The Ministry of Industry and Information Technology also pointed out that the demand for new ships will change in the future. There will be less demand for regular ships such as bulk carriers, and more demand for high-technology ships and offshore facilities. Cost-effective and environment-friendly ships will also be favoured by the market, stated the ministry.
China's vessel exports rose 31.2% year on year (YoY) to US$10.4bn during the first four months of 2015, show Chinese customs statistics.
Exports are forecast to drop YoY later this year as new orders placed in Chinese shipyards have been decreasing since late 2014, according to China Association of the National Shipbuilding Industry (CANSI).
In April, exports fell 3.9% to US$2.1bn from March.
Bulk carriers, tankers, and container vessels combined, accounted for 53.5% of total exports in the first four months. However, exports of these ship types plummeted compared with the same period a year ago.
Exports of floating or semi-submersible drilling rigs and production platforms totalled US$930m, up 410.8% YoY, accounting for 9% of total vessel exports.
During the first four months, exports to Asia rose 52.6% YoY to US$6.6bn, accounting for 64% of total exports. Exports to Hong Kong, Singapore, and Myanmar also rose to US$2.5bn, US$2.2bn, and US$690m respectively.
Chinese shipyard Jiangsu Hongqiang Marine Heavy Industry Co., Ltd. (Hongqiang Heavy Industry) delivered a 15,000dwt bulk carrier to its ship owner on May 10, according to a domestic shipping news portal.
The bulker, classed by CCS, measures 149.80m in length overall, 22.30m in width moulded, and 10.5m in depth moulded, the report added.
Hongqiang Heavy Industry is an enterprise which focuses on offshore engineering and shipbuilding.
Chinese shipyards marked a sharp decline in newbuilding orders in the first quarter of this year, showed the latest data released by China Association of the National Shipbuilding Industry (CANSI).
The country's shipbuilders received newbuilding orders amounting to 5.99 million dwt, down 76.8 percent from a year earlier during the first three months.
The overall tonnage, however, hit 9.47 million dwt, an increase of 27.5% year-on-year. Out of the overall tonnage, some 8.54 million was intended for exports, according to CANSI's data.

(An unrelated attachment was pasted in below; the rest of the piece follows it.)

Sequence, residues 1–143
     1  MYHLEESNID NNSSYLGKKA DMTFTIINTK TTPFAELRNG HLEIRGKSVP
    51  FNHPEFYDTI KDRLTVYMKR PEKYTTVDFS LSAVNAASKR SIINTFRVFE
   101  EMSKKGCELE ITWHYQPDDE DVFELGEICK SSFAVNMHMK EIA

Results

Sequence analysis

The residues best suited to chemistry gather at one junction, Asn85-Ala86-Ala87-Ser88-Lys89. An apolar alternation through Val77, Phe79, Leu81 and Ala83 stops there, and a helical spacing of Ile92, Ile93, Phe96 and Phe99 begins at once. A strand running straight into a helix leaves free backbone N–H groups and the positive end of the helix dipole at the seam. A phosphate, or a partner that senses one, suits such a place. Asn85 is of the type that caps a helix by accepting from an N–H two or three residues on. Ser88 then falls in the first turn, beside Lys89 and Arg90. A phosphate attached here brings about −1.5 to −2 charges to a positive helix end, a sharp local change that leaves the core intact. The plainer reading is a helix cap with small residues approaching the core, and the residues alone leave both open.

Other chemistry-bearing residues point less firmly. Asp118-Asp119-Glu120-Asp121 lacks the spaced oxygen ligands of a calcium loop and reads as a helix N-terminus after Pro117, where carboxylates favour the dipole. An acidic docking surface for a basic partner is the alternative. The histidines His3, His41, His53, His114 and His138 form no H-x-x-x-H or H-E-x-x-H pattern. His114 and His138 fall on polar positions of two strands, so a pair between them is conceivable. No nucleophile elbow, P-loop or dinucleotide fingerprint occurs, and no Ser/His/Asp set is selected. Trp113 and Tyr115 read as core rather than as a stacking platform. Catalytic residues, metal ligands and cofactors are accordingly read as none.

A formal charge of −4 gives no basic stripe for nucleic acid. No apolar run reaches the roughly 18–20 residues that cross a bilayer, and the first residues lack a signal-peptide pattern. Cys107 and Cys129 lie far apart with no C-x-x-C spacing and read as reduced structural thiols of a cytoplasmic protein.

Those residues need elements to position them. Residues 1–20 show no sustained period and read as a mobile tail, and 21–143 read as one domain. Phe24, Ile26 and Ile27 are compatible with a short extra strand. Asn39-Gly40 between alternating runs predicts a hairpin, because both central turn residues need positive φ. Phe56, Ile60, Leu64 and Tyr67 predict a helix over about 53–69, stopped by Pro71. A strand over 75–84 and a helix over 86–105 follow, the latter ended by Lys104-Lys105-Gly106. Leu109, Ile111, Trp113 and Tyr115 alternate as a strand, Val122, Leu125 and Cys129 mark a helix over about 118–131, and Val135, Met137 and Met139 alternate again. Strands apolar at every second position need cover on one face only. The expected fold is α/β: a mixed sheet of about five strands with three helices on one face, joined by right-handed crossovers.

The yards' newbuild orderbook stood at 144.93 million dwt by the end of March, down 2.5% when compared to the same period last year.
The country's 88 key shipbuilders posted a joint revenue of CNY64.67bn (around US$26.4bn) in the first quarter of 2015, an increase of 8.9%. The yards recorded a total profit of CNY170m, down 87.8 percent.
The figures are indicative of an ongoing restructuring process within the country as shipbuilders struggle to rationalize overcapacity.
There may be only 20 to 30 active shipyards left in China in the next few years after restructurings and consolidations, reported a domestic shipping news portal, citing Ren Yuanlin, executive chairman of the country's leading privately-run shipbuilder Yangzijiang Shipbuilding (Holdings) Ltd..
Ren said that China's relatively weak shipyards including state-owned ones will be merged by stronger ones in the future, which is determined by the market force and welcomed by the Chinese government.
Yangzijiang Shipbuilding will seek opportunities for mergers and acquisitions, Ren added.
Chinese shipyards are dominating the world’s shipbuilding industry with a market share of 41% and hand-held orders of about 156.20 million dwt, according to a domestic news report, citing Clarkson data.
An increasing number of Chinese shipbuilders are shifting their focus to the offshore engineering segment to alleviate the side effects from a drop in demands for traditional commercial vessels.
However, there are industry insiders expressing their concerns about Chinese yards’over-enthusiasm about the offshore engineering field, saying that with the falling of oil prices, demands in the sector will become diminished quickly, the report added.
China’s shipbuilders saw a surge in orders for new ships in the first half of the year, but this has not yet led to their improved profitability.
Shipbuilders received orders to build some 40.8 million deadweight tons (DWT) worth of new vessels in the first six months, up 78.2 percent compared to the same period last year, data from China Association of the National Shipbuilding Industry show.
However, midyear reports from five companies listed in Shanghai and Hong Kong showed they still faced declining profits.
China CSSC Holdings Ltd. received orders for 36 ships in the first half of 2014, up 11 percent, its midyear report shows, but its gross profit margin was 8.4 percent, down 3 percentage points.
China Shipbuilding Industry Co. Ltd. received orders for vessels worth 12 billion yuan, 157 percent more than for the same period last year, but its net profit was 1.339 billion yuan, down 20 percent.
The gross profit margin of Sainty Marine Corp. Ltd. was 9.8 percent in the first half, down 5 percentage points compared with a year earlier. The figure for Guangzhou Shipyard International Co. Ltd. was only 0.23 percent. It had net profits of 41.92 million yuan, a 42.4 percent decline.
China Rongsheng Heavy Industries Group Holdings Ltd. received orders for six ships in the first six months of the year, after receiving none in the same period last year. However, it suffered a loss of 3.061 billion yuan in the first half, 1.8 billion yuan more than it lost a year ago.
Shipbuilders have lowered prices to attract buyers, said Lu Jiandong, vice president of Zhejiang Zhenghe Shipbuilding Co. Ltd. Should they raise prices, they will not get so many orders.
A source from a private shipbuilder said companies were taking orders that would return little profit or even incur a loss just to keep operations going.
“Shipbuilding companies still face difficulties to get full payment for low-priced orders,” he said. “Buyers ask companies to complete a ship on time, otherwise buyers may not pay or only pay a little.”
Analyst Tan Naifen, from the shipbuilding association, said buyers made small down payments and builders had to raise funds themselves, which was difficult.